Trauffaut captures the anarchic, free spirit of childhood but eventually the harsh reality of the adult world restricts and curtails all his freedoms but not to the point of extinction. The final, enigmatic freeze- frame poses questions to which, perhaps, even Trauffaut didn't have all the answers. A beautifully crafted masterpiece tinged with gentle humour.
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13 of 14 people found the following review helpful By Kona TOP 1000 REVIEWERVINE VOICE on 11 Sept. 2005
Format: DVD
"The 400 Blows" is the famous 1959 film by French New Wave director, Francois Truffaut. (The title is a French expression meaning "to raise 'heck'.") Filmed in black and white, with very simple music and the raw look of a low-budget documentary, it is a glimpse into the life of troubled adolescent. Antoine Doinel is poor, has cold and indifferent parents and teachers, and spends his days cutting school and getting into trouble. When his parents give up on him, he is sent to a juvenile detention facility that resembles a jail.
The cinema verite style of unsentimental photography and gritty locales manages to make even Paris look tawdry, almost ugly, because that's how Antoine views his life. Growing up neglected and misunderstood has made him a streetwise child who dreams of escape. The stark and sudden ending allows the viewer to decide what might happen to Antoine next (although Truffaut found the character so intriguing, he made three more movies about Antoine as he grows older).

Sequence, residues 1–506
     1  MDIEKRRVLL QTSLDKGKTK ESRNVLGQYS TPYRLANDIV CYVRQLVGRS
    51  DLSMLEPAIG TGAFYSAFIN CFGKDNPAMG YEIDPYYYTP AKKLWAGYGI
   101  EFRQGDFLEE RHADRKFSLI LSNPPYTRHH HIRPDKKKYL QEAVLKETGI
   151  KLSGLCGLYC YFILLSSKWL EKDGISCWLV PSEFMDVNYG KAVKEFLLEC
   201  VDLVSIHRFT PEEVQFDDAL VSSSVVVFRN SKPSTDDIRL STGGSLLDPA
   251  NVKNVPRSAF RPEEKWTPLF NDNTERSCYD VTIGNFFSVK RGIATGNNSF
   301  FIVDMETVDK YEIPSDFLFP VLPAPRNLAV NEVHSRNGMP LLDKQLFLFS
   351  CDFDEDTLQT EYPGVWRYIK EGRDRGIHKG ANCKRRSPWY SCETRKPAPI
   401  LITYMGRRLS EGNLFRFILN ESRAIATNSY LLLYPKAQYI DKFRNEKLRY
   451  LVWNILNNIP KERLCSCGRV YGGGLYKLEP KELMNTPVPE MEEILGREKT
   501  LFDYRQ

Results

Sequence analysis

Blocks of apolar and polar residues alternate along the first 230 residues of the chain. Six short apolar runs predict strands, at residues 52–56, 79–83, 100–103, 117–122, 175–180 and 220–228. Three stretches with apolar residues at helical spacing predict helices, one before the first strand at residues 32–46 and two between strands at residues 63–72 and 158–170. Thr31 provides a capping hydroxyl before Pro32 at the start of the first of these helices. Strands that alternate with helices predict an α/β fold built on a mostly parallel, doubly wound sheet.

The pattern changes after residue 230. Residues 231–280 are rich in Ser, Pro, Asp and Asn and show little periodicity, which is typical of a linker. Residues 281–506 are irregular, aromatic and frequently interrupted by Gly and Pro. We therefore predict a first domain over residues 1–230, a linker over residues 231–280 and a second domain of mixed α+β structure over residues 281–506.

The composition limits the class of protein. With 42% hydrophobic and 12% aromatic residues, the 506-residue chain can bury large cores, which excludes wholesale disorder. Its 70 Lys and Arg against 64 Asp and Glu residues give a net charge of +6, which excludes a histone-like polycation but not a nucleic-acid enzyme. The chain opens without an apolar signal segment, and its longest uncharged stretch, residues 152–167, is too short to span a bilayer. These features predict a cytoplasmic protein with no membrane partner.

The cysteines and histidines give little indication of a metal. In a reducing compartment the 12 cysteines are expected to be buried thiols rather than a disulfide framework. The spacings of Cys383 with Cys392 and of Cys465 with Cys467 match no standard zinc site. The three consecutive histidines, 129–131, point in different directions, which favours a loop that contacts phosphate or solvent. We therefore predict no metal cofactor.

Jean-Pierre Leaud (Antoine) heads an excellent cast of actors who manage to look like they're not acting at all; rather that a camera just happened to intrude on their lives. The movie is in French with English subtitles. If you are a fan of New Wave films or just like classic character studies, you'll enjoy "The 400 Blows."